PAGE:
“And I know that nobody wants to hear this, but it is very possible and actually quite easy to live in the US and not owe a dime to anybody.”

    For you apparently. So, for starters, how can students go to college in the US without incurring debt?

    How many stable, 52K/yr jobs are available in the US to young people fresh out of college?


    1. I think you misunderstand what I am saying. My point is precisely that this is a very good income and lumping this person together with those who get by on 18K a year into a uniform 99 per cent is unfair.


  2. And yet the person making 52K a year is just as likely to be completely bankrupted if a medical emergency or disaster occurs as the person making 18K a year — even if they have insurance.

    I have personally seen many cases where this has happened. For that reason, and for many others, it is appropriate to group them all together.


      1. No, it’s actually around 16 percent who don’t have it now.

        However, in the US at least, medical insurance doesn’t cover everything, and then only to a certain level — and often (I’ve seen it happen) legit claims are denied again and again.

        In other words, the person making 52K is in nearly as precarious a position as the person making 18K. They are one medical disaster away from bankruptcy.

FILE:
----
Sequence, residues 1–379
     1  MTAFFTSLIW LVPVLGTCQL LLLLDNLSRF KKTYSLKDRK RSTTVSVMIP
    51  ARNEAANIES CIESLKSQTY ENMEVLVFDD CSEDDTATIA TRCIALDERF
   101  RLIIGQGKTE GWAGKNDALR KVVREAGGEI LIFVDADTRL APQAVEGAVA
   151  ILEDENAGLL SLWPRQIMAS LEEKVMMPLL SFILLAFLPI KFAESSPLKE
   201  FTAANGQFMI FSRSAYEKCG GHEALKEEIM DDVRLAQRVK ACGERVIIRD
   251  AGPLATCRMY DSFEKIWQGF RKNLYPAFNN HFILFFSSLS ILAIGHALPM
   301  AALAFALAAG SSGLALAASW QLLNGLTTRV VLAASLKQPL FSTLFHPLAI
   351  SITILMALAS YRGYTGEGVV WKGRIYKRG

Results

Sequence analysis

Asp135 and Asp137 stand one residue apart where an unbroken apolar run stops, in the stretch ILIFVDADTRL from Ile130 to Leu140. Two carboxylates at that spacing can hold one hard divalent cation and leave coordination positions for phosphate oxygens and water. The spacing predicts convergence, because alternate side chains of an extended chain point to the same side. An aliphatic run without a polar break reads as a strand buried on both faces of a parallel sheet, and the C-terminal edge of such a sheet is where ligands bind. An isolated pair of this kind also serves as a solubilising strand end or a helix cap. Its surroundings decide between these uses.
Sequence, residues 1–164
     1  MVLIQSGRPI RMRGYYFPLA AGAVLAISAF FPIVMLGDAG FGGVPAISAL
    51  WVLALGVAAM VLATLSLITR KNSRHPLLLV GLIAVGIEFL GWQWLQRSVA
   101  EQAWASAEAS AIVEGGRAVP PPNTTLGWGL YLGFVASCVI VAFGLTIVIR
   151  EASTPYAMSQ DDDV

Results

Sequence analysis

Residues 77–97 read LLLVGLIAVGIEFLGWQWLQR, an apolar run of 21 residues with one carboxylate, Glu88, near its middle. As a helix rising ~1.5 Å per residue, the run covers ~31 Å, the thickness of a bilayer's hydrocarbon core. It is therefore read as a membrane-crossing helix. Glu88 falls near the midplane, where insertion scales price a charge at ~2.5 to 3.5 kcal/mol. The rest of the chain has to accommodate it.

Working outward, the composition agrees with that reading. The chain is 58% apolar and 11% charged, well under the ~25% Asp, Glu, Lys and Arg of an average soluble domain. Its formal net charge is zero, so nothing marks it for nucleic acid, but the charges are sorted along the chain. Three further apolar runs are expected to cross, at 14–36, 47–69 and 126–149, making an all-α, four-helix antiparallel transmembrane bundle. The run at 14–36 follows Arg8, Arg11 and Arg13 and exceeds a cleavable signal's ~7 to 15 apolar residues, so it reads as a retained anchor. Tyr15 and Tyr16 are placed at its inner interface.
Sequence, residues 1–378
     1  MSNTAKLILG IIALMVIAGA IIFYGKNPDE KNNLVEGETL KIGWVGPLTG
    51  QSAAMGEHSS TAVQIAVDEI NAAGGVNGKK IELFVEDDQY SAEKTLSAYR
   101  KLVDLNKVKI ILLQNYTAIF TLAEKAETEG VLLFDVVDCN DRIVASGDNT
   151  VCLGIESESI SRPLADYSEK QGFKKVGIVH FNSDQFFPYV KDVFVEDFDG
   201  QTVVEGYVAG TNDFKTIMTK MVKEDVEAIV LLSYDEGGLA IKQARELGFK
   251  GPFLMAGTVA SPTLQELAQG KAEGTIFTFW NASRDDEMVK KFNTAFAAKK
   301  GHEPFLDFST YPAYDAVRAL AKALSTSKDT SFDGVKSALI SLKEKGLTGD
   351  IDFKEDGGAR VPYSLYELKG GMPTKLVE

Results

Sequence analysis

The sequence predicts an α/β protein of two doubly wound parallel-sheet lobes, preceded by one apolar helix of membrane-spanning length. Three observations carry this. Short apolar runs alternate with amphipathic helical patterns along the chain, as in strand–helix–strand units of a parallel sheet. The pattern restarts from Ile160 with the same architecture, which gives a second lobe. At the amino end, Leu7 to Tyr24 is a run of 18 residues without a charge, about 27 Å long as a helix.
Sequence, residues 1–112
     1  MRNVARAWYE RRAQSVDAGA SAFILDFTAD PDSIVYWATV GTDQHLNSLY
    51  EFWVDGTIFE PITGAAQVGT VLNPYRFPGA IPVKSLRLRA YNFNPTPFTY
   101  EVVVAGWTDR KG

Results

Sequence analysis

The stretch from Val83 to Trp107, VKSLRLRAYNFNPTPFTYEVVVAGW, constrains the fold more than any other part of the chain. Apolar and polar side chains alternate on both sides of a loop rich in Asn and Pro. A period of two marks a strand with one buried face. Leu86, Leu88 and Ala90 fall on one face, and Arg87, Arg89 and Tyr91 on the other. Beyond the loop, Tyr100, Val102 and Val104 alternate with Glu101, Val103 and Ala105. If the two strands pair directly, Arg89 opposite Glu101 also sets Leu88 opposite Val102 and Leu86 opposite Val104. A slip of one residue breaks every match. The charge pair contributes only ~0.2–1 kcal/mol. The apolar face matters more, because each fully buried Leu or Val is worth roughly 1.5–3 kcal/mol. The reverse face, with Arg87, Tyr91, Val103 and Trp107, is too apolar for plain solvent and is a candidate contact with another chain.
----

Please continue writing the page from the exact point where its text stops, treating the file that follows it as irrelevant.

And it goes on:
Sure, 52K is a lot more than 18K, but neither is a lot when faced with a 200K medical bill. And medical bills are the leading cause of bankruptcy in the US.

        I’ve had pretty good jobs over the years, and yet I’ve only had medical insurance at less than half of them.

        If something had happened to me, I’d be just as bankrupt as all the rest.


        1. I believe that a civilized society needs to have a free universal system of healthcare. Otherwise, it is not a civilized society. However, a lot more than 1 per cent of Americans disagree with me on that. And I’m not a citizen anyways.


  3. On the one hand, I am happy that these people are protesting on my behalf, as I have neither the time nor the money to attend protests myself.

    On the other, I am insulted that someone making $52K per year talks as though she’s on the brink of poverty when I’ve been unemployed for months despite my best efforts to find work (I do not think I’m too good to flip burgers at the neighborhood bar, but apparently even that is beyond me) and am genuinely worried about my ability to eat and pay the rent.


  4. My boyfriend and I together earn less than half of that (the 52K). We have $130,000 in student loans. And yet we make ends meet, occasionally even going out to eat or flying to his tropical homeland for a visit to his family.
    I consider myself pretty darn liberal….but whiners like this person hurt so much more than they help, by making the opposition (whoever that may be) think that this luxury is what everybody is complaining about. Get real.